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Acute Kidney Disease

A serious condition that requires emergency medical attention, acute kidney disease occurs when the kidneys suddenly stop functioning. 

Also known as acute kidney injury (AKI), acute kidney disease is a sudden episode of renal failure that develops rapidly over a few hours or days. When the kidneys stop functioning, excess fluids, toxins and waste products can build up in the bloodstream. If detected and treated quickly, AKI can be reversed. Without immediate intervention, however, it can lead to lasting kidney damage.

Causes of Acute Kidney Disease

AKI can have several different causes, such as:

  • Decreased blood flow to the kidneys due to a heart attack, low blood pressure, significant blood loss, diarrhea, severe dehydration, liver failure, overuse of nonsteroidal anti-inflammatory drugs (NSAIDs) or an allergic reaction
  • Kidney damage resulting from glomerulonephritis, vasculitis, scleroderma, multiple myeloma or sepsis
  • A blockage in the urinary tract caused by an enlarged prostate, kidney stone, blood clot or tumor

Symptoms of Acute Kidney Disease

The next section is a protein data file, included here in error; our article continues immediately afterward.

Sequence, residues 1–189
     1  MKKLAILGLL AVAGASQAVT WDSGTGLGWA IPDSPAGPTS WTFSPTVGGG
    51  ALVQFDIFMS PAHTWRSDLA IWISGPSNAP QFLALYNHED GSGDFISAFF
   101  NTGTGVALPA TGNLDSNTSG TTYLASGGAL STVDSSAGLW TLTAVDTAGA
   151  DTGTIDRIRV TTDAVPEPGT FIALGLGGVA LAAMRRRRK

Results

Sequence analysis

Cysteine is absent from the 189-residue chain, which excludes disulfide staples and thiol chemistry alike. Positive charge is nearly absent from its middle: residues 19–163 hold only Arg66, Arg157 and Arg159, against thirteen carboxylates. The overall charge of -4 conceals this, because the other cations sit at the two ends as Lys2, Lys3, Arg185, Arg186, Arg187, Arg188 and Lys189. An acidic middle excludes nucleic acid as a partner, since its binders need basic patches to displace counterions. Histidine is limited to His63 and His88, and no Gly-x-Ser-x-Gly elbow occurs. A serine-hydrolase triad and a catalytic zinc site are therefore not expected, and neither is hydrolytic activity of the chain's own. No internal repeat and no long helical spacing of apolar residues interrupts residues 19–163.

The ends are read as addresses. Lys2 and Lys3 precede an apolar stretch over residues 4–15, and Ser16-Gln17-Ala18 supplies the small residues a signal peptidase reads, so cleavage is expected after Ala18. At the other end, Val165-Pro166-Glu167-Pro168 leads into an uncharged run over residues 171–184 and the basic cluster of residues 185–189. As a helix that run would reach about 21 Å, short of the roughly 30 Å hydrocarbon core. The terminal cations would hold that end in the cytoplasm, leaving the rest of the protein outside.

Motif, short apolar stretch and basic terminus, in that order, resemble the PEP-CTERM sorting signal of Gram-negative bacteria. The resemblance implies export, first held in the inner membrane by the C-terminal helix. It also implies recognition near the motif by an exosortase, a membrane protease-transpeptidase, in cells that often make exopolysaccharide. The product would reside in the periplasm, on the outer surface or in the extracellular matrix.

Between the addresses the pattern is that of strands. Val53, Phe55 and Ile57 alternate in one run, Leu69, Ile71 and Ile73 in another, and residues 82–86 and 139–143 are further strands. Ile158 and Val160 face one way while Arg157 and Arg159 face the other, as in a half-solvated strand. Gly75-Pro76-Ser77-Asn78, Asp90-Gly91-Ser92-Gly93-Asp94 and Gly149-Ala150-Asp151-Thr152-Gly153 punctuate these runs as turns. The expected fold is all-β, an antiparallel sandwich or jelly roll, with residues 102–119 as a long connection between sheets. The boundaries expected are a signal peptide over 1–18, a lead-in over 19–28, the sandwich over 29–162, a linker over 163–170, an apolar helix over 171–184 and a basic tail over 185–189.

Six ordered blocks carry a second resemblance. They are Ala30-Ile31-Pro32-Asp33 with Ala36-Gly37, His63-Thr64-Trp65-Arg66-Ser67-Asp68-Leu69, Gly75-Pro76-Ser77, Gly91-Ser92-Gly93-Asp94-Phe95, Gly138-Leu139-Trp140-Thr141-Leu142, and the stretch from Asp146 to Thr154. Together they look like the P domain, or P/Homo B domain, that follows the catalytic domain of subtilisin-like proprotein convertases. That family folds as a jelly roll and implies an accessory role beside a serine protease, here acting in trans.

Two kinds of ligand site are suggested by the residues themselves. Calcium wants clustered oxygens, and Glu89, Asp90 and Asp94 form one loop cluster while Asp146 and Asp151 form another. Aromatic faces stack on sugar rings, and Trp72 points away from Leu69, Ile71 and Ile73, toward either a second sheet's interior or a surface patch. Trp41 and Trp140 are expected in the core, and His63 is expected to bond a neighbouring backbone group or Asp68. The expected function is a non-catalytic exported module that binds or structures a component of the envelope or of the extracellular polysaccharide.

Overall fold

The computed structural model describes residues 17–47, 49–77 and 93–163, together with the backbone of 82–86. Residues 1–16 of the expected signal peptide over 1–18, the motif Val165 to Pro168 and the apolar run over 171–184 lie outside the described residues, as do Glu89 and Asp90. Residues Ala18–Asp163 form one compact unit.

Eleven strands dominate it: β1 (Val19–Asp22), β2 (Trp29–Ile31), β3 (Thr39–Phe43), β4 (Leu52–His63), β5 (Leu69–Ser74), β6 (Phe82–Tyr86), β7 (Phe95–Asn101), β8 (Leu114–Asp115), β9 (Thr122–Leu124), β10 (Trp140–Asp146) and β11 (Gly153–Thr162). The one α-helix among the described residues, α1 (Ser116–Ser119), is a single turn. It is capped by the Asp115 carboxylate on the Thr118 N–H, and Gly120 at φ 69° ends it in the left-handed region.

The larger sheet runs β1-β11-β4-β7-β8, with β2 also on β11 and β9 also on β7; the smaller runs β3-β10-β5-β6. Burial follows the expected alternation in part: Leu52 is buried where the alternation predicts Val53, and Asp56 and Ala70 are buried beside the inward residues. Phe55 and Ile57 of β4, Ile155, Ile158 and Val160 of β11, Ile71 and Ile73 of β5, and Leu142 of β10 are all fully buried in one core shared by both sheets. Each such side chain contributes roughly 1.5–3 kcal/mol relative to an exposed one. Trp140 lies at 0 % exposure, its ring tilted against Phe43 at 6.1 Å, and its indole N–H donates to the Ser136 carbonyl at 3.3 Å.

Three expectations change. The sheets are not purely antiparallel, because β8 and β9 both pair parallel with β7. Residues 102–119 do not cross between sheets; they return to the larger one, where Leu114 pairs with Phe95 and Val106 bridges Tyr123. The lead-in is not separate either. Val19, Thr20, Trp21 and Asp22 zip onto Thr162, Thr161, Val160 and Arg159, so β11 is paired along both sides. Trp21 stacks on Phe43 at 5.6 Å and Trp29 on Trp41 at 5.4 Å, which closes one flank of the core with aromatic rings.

AKI is a life-threatening condition that requires immediate medical attention. Some warning signs include:

  • Infrequent urination
  • Swelling in the legs, ankles and feet
  • Shortness of breath
  • Mental confusion
  • Nausea
  • Chest pain or pressure
  • Seizures

Diagnosis of Acute Kidney Disease

Because AKI can lead to chronic kidney disease or end-stage renal failure, a prompt and accurate diagnosis is essential. The diagnostic process may involve:

  • Measuring urine output (uroflowmetry)
  • A urinalysis
  • Blood testing, including albumin-to-creatinine ratio (ACR)
  • A glomerular filtration rate (GFR) test Imaging scans
  • A kidney biopsy

Treatments for Acute Kidney Disease

AKI treatment can vary depending on the underlying cause. Some options include temporary hemodialysis and medication. A kidney transplant may be considered to address end-stage renal failure. Usually, hospitalization is required until kidney function is restored.

Tampa General Hospital is a highly respected leader in treating all forms of kidney disease, including AKI, and our kidney transplant program ranks among the best in the nation.